Tuesday, June 05, 2007

Starbucks Roadblock

I was at my local Starbucks this morning, waiting in the usual long line and straining to find something interesting to occupy my time when I happened to glance up at the specials board. I saw that they were playing the new Paul McCartney CD in what they called a "Global Listening Event" or something. Apparently they are playing McCartney's new album all day in every Starbucks and from the title, it sounded like this could be happening in every Starbucks across the world. That's pretty big.

But it's an interesting and, since it's a globally known entity like McCartney, very valid tactic to introduce a new album. They could've done more with signage (maybe table tents or at least a real sign, which admittedly I didn't look for), but in general, it's great to hear what you're buying. Lord knows you're waiting long enough so there's time to hear a good sample.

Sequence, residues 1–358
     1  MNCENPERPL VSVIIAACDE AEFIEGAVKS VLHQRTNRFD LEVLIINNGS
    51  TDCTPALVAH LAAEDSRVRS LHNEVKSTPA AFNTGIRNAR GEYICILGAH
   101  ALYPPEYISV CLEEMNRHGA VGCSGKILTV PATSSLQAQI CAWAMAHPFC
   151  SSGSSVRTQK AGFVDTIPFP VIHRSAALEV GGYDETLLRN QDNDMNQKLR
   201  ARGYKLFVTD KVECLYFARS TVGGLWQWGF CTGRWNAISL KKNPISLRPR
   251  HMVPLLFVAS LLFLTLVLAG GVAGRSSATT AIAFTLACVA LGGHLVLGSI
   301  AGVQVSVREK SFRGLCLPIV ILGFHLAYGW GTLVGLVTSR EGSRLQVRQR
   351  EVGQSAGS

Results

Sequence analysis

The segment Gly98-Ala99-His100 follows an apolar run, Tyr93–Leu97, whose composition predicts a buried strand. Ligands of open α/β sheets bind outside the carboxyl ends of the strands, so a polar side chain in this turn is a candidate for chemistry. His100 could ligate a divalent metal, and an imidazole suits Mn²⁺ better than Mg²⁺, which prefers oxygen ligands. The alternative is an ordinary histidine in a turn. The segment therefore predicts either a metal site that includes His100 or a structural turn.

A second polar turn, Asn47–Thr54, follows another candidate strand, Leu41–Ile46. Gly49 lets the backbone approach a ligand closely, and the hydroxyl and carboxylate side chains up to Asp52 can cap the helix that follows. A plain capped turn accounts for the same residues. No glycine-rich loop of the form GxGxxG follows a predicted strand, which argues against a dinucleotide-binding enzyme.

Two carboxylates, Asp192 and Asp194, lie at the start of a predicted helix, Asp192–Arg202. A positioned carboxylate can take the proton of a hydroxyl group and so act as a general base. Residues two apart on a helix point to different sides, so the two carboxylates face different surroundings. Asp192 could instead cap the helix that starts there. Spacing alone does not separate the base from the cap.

It's a great example of the mash-up of music and food service because the music becomes a part of the ambiance and the brand experience. You, being a captive audience ready to experience a tasty beverage, are in the mood to receive it and the music can add another layer to the image the store is trying to project.

It started me thinking about all the other food service and retail establishments that could possibly implement such a strategy from the stereotypical (bbq restaurants and country or blues music, diners and 50s music) to the quirky (Target and the many songs it uses in its ads?). I mean, why not package your audio image and make a few bucks in the process? It also creates a legitimate reason for consumers to go to your website and pretty much applies to everyone that visits the store.

Ok, so there are licensing issues, manufacturing issues, additional headaches, but isn't that just an opportunity ready to happen? A company can be created that does the licensing in one shot, the picking and packaging of songs, the cutting of the CDs (optional), the labeling, etc. and ships it out (or enables downloads) for companies big and small. Create a skin-able front end engine for clients, and it's ready for incorporation into a client's website.

Anyway, my apologies. I intended to talk about how this Starbucks Roadblock thing was like interactive marketing's near equivalent, the all-day roadblock on portals, but kind of meandered into something else. Oh well, that's what blogs are for, no?


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